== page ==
“We, and I suppose I’m speaking now on behalf of industry funds in particular, haven’t yet come to terms with the fact that we’ve got to get real about resourcing as much as the compliance.
“So I think when I look back on 2013, this reform agenda has held both highlights and lowlights because there’s been some real tussles going on to shoulder such a significantly increased compliance burden and still manage cost in what is a far more competitive market.”
Of course, it is that newly competitive market that any number industry pundits see as the chief outcome arising from MySuper.
And for Pauline Vamos, CEO of the Association of Superannuation Funds of Australia (ASFA), members cannot help but be better served as a consequence.
“What will MySuper mean? In a nutshell, enormous competition,” she said. “So we’ve got enormous competition now and a real focus on members and retaining members.
“Member retention is all that people are talking about because the competition is so severe - whether it’s through a competitor in the pool space or the self-managed fund space - that element of competition is as pronounced as it has ever been,” Vamos continued.
“And yes, its going to drive down costs and fees as well but the big one is that you’re going to get a lot more innovation.
“We’re seeing it already in investment approach but you’re going to get a lot more tailoring to the individual as well and that’s ultimately where competition’s going - the tailoring of all superannuation offerings to the specific individual.”
In fact for Vicki Doyle, head of retail and corporate superannuation for BT Financial Group, the structure of MySuper products is such that competition will be further fuelled by ease of comparison.
“I think MySuper does allow for a more comparable product set across all the different players,” she said.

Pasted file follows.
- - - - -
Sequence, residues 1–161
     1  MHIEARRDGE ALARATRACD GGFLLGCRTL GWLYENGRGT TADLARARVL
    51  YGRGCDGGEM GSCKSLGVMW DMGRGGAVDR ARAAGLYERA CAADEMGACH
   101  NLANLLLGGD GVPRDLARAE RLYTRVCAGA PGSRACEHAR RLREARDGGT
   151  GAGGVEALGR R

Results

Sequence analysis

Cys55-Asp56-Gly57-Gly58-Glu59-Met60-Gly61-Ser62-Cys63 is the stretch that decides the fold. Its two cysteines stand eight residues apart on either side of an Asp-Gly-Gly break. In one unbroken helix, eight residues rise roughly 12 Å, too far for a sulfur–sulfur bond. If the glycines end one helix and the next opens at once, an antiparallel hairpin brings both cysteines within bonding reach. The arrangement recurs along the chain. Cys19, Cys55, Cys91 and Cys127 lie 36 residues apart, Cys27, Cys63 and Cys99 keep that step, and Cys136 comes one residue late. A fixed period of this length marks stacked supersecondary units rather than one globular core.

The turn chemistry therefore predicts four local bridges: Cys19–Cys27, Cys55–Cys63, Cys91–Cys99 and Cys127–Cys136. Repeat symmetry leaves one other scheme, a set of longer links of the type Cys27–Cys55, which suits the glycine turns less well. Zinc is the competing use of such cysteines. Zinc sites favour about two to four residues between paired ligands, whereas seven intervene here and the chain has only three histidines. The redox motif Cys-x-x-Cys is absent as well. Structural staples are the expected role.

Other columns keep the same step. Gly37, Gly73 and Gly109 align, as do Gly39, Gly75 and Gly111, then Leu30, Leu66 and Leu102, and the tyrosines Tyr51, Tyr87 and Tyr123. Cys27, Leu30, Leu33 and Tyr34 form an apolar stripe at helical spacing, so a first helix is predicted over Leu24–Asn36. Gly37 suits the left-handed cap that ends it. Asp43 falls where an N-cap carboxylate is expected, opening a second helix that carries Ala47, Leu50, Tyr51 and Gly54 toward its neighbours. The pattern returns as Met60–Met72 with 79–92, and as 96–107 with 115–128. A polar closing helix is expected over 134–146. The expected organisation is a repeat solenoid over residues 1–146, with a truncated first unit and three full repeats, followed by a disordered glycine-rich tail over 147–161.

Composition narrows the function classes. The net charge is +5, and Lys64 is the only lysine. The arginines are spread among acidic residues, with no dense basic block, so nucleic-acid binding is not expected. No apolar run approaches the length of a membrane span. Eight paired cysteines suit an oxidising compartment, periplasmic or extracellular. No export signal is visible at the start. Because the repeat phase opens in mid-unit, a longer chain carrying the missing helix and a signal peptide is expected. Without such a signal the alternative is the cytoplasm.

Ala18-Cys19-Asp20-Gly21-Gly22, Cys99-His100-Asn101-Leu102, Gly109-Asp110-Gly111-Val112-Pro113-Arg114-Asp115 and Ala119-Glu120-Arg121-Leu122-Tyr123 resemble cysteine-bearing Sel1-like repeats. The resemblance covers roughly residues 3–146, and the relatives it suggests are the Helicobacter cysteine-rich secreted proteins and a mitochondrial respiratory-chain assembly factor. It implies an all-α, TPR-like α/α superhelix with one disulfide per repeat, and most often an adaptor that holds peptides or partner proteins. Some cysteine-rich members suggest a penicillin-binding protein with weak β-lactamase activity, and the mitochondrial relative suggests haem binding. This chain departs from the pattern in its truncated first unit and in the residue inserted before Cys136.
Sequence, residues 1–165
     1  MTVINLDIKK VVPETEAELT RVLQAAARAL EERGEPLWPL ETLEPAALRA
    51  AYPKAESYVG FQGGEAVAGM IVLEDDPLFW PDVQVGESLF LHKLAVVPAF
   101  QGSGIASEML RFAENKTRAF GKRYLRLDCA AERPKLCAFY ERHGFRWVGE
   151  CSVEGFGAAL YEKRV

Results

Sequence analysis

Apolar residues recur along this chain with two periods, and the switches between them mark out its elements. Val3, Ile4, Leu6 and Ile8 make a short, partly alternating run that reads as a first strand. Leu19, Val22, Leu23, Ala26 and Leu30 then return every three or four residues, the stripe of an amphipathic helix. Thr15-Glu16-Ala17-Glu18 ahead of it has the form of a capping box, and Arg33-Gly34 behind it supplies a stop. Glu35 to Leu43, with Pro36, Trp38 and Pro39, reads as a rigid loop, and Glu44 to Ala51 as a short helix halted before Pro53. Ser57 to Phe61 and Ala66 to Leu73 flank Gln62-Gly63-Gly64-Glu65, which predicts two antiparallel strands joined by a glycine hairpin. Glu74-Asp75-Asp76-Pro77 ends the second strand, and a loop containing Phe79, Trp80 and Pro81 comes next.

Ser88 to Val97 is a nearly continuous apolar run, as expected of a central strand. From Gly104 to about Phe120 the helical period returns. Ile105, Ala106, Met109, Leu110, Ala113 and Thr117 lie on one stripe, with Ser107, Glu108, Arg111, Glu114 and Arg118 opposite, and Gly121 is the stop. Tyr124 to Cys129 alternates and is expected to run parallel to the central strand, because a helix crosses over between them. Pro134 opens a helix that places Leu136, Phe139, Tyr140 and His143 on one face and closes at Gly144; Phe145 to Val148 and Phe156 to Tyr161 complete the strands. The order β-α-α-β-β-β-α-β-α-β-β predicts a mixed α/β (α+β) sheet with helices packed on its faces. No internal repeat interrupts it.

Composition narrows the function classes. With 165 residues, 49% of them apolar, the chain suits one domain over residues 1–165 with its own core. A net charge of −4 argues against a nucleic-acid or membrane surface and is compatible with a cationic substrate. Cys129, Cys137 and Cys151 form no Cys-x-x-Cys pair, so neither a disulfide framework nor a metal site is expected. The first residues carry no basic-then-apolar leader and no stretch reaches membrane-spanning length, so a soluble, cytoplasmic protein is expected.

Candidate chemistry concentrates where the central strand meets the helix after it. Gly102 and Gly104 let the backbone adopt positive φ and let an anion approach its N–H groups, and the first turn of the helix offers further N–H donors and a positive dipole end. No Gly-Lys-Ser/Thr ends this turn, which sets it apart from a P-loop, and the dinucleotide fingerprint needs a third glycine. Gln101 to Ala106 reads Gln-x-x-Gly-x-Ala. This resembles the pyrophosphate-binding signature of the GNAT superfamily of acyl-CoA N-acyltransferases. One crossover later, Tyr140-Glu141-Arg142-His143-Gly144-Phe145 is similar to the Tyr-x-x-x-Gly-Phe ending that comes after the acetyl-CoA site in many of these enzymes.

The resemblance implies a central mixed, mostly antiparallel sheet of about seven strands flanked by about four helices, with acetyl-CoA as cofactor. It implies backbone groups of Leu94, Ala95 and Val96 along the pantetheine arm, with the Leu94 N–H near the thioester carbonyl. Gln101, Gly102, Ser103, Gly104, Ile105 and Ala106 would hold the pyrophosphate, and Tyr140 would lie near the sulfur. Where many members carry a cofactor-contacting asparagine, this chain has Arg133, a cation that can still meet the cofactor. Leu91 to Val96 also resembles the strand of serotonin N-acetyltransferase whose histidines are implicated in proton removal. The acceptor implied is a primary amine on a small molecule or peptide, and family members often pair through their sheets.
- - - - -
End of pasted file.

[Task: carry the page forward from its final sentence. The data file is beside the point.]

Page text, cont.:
“So I think from a member perspective, and as we start to see the reporting and performance, people will be able to easily compare a MySuper investment option in BT with an investment option in any of the industry funds because the fees and structure will be fundamentally similar.
“The challenge for funds, of course, is differentiation; communicating that while MySuper products may have a common baseline, they certainly aren’t the same,” Doyle continued.
“And I think that’s yet to bear out.”
Doyle pointed to investment approach as the example. “Our fund is an actively managed life-stage fund and what that means is that we actively time the markets and look for the right investments at the right time,” she said.
“And that’s as opposed to a passive life-stage investment that some of our competitors have come out with that just follows the index.
“And then there’s also a number of industry funds that have just got their normal balanced fund rebadged as MySuper,” Doyle continued. “So they haven’t moved away from the risk of having a balanced fund and all the risk that that implies.
“I think it’s important to realise that MySuper products will be comparable for members at a headline level but that not all MySupers are the same.”
Not surprisingly, Rodwell-Ball indicated that the challenge of differentiation was being felt in the industry fund sector as well.
“I think the challenge really for industry funds and the like is to find a basis to compete other than on costs and fees, because that basis is rapidly disappearing,” he said.